Making sure your life policy pays out
New technology reduces fraud, speeds up claim processes and can even help uncover unclaimed death benefits, but you need to make sure your details are up to date, writes
Some life insurers, like FNB Life, are accessing the National Population Register to improve the speed at which funeral and death claims are processed.
Technology now allows a life insurance company or bank to verify if someone has died by simply typing their identity number into the registry.
Nkazimulo Sokhulu, chief operating officer at FNB Life, says this technology has allowed FNB Life to pay out 50% of the claims within 24 hours of receiving the call and has removed the need to produce a death certificate.
It has also reduced the number of cases of fraudulent claims because the death can be verified through the department of home affairs in a matter of minutes.
Although FNB Life does not require a death certificate to process the claim, they do require the BI-1663 form that would have been completed by the medical professional to certify someone as deceased. The BI-1663 form is also required by the Department of Home Affairs in order to register someone as deceased before issuing a death certificate. Queries by City Press to other insurers suggest that for other insurers a death certificate is still required.
FNB Life has taken the new technology a step further and is actively mining the registry to find recorded deaths of its clients. Sokhulu says they have identified more than 2 000 cases (with a combined payout of R2 million) where clients have died but no one has claimed the benefits. The problem is that in most of these cases, there are no beneficiary or contact details for the client. FNB has a team actively searching for beneficiaries or next of kin, yet to date only about 150 (R300 000 worth of claims) of these beneficiaries have been found.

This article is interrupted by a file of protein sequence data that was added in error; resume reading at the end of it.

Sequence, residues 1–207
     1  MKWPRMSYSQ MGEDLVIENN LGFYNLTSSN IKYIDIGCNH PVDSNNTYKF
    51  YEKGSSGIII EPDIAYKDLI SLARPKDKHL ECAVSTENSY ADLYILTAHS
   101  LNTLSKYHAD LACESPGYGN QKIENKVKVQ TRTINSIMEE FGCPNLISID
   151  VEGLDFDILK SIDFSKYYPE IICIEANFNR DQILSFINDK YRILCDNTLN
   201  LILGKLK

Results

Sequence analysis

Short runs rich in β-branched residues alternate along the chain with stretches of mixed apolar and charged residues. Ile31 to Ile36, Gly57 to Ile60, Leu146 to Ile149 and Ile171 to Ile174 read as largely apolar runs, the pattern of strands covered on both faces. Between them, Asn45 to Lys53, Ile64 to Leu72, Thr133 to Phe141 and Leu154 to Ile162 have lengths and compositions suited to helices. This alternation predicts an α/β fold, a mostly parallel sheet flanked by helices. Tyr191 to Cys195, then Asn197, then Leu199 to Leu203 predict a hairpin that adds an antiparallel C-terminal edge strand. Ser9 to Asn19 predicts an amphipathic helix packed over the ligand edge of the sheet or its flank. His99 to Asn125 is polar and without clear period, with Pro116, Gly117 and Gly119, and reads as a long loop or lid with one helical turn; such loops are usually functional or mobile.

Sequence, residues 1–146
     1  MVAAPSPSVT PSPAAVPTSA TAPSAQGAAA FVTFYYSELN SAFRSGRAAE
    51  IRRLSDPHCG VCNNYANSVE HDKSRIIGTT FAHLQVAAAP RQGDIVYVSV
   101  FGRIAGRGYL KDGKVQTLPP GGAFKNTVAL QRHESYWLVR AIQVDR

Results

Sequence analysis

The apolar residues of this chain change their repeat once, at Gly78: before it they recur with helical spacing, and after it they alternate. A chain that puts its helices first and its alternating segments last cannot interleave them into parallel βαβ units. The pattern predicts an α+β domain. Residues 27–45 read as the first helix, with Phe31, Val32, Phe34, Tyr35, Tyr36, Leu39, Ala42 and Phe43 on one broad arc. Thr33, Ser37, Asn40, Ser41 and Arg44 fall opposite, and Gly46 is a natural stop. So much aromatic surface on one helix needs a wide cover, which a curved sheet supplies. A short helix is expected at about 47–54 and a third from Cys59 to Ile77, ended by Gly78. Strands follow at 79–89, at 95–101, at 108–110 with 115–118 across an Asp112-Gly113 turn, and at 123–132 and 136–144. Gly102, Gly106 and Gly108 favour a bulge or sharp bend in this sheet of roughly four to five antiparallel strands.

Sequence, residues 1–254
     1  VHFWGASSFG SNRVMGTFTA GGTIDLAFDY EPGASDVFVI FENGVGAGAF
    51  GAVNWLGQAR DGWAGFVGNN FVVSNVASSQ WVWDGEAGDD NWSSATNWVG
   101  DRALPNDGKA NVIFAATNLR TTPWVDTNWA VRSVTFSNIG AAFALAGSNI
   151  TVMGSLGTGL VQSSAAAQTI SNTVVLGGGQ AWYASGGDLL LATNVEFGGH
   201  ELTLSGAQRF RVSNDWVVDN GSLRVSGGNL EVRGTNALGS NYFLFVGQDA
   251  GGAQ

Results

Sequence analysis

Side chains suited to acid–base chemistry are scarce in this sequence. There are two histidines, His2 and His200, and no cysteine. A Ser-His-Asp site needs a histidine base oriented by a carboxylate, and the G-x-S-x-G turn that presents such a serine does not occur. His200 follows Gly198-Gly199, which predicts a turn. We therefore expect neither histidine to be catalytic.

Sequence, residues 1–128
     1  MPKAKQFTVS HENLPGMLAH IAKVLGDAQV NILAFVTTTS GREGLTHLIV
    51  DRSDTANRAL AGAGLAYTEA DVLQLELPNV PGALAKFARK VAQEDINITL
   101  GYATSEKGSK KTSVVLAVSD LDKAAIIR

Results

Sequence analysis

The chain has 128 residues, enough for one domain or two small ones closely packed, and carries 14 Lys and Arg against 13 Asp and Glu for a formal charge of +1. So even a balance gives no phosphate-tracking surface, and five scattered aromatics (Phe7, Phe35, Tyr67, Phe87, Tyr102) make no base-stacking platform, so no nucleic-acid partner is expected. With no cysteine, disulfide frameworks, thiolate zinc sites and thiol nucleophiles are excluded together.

FNB is now on a drive to connect with existing policyholders to ensure beneficiary details are included, and highlights the importance of ensuring that you name beneficiaries on your policies and keep your information up to date – there is no point in having a policy that cannot be paid out. Furthermore, if there are no named beneficiaries on a funeral policy, the money has to be paid into the estate and may not necessarily be used to pay for the funeral.
In 2014, life insurers reported a steep increase in the number of fraudulent and
Maya Fisher-French dishonest long-term insurance claims – 8 306 cases were uncovered compared with 4 690 in 2013. Of these, 3 619 related to the provision of false documentation.
According to the Association for Savings and Investment SA (Asisa), insurance fraud syndicates operate mainly in the developing market and the majority of fraudulent-claims cases have been uncovered in KwaZulu-Natal and the Eastern Cape.
To commit the fraud, the syndicate just requires the victim’s name and identity number. According to Asisa, “either a client has an existing policy with an insurer and the syndicate submits a fraudulent death claim without the client’s knowledge, or the syndicate takes out a life or funeral policy on this person’s life and pays the required premiums for the waiting period of the policy”.
“Once the waiting period is over, the syndicate will produce a body or a fraudulent death certificate, and claim the death or funeral benefit.
“Usually, these syndicates receive tip-offs from mortuary staff or private funeral parlours when the next of kin does not identify an unknown body within a reasonable period of time, or when a badly burnt or mutilated body is difficult to identify. A fraudulent death certificate is then issued and a claim is made.”